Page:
The human body, probably without even trying, has contributed a number of verbs to the English language.
Some of the actions are downright rude: You might elbow your way through a crowd to get where you want to go. You might elbow your husband in the ribs when he is talking to others about things you'd rather he wouldn't (or so I've heard).
Kneeing people can hurt them, and sometimes that's the point.
The shoulder is a less pushy, often valiant joint. You may shoulder the blame for something someone else has done so that person doesn't get in trouble. You may shoulder responsibilities for friends in need.
"To head" means to be in charge, maybe to be the brains of the operation.
For some reason, "to butt" can mean to hit with the head. Animals -- gazelles, for example -- will butt their horns. In debates, political candidates might butt heads over issues, but not literally.
Depending on their personalities, some people may butt into other people's business or butt into a conversation. Others may be less intrusive and butt out.
When you bang your car into the back of another, you rear-end them.
When parents pay for a daughter's wedding, they're footing the bill.
We hand things to other people. Sometimes information is handed out. You hand over the Wii controller when your turn is up. Juries hand up indictments.
"To arm," when used as a verb, means to provide weapons. News stories often say that soldiers or SWAT teams are heavily armed. If they were lightly armed, would they announce it? But I digress.
A more cerebral use is when lawyers are armed with the latest rulings before heading to court.
Sometimes "to arm" simply means to turn something on: arm the alarm, maybe.
When you toe the line, you give in to what is expected of you.
If you're a runner, you put your toes right up to the starting line, waiting for the pistol. That one is often incorrectly spelled as "tow the line." But, in fact, a towline is a rope that pulls a boat or ship.
Now we move to necking, when two people kiss and behave amorously, often using arms too. I don't know why this isn't called "lipping."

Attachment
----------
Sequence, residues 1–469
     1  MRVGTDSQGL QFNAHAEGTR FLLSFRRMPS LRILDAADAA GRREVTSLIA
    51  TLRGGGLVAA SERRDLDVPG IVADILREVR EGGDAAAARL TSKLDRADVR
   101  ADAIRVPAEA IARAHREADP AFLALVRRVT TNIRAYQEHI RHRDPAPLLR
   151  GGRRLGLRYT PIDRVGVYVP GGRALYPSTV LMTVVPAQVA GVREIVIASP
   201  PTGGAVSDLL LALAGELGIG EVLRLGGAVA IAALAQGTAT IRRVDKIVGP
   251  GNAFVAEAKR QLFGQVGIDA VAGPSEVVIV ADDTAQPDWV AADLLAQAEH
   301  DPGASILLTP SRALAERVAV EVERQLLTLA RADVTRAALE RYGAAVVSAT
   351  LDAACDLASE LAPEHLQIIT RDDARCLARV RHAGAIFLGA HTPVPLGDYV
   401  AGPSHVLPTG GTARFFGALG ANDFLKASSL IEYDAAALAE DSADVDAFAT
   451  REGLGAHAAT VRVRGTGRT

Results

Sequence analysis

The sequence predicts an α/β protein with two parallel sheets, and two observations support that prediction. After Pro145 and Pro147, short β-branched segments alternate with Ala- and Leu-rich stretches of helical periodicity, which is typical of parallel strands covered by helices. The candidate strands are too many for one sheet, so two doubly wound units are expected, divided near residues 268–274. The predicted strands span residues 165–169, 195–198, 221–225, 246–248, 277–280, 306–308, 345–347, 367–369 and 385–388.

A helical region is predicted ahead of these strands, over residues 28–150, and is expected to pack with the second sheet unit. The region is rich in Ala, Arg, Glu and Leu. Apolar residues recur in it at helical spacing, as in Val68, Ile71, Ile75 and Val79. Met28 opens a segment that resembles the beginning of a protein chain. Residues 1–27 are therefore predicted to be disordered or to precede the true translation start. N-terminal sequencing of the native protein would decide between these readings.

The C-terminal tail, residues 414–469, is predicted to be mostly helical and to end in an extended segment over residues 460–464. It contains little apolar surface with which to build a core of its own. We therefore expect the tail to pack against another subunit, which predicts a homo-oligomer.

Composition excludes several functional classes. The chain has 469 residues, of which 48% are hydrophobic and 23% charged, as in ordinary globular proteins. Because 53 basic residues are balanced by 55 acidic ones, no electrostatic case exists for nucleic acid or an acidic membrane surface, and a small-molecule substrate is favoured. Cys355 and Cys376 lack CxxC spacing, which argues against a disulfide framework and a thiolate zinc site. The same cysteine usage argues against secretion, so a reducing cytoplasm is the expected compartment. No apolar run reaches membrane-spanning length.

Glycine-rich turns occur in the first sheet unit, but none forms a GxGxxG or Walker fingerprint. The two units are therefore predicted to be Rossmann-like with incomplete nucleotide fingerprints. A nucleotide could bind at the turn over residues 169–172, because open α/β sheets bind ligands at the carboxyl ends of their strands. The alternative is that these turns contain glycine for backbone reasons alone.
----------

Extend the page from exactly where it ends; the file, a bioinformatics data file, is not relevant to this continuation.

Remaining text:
Mouthing is what you resort to when you're in choir and you forget the words of the song. You move your mouth but don't actually sing. Also, you may mouth off to your mom and get a time-out.
"To chin" is to do chin-ups. That always brings to mind the Matthew Modine character in the film Full Metal Jacket, who tries to chin as the drill sergeant harasses him.
You might nose out news or a hidden fact. You might nose your car into traffic. A dog sometimes noses his empty water bowl across the room as if to say, "Hello? I'm parched."
"To eye" is to watch someone. Sometimes that has a creepy connotation. When you eye a piece of pie, you're probably hoping you'll get it.
The American Heritage Dictionary also says that the verb can mean "to supply with an eye." I doubt I will ever be that generous.
"To finger" means to touch. A person may finger a necklace distractedly while trying to decide what to say or write. "To finger," in music, is to find the correct spot on an instrument to get the right note.
A more casual use means to tattle on someone or tell the authorities about a wrongdoer. Fredo basically did this to himself in The Godfather, Part II. His brother Michael was not pleased.
"To knuckle down" is to try hard to do something. When you "knuckle under," you give in. Or toe the line, even.
"To muscle in" is to use your influence to get something done. Usually, you don't do this subtly. He muscled his way to be closest to the enormous platter of shrimp on the buffet.
A good dog will heel, or stay close by his human companion when told. A cobbler may heel your shoes so that you don't need to buy new ones just yet. The American Heritage Dictionary taught me a new use for the verb. "To heel" also means to put a metal spur on a gamecock's leg.
I never seem to keep up with rooster fashion trends.
Sources: American Heritage Dictionary, Merriam-Webster, phrases.org.uk, Oxford Dictionaries
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ActiveStyle on 12/04/2017
Print Headline: Give dull English a little body with verbs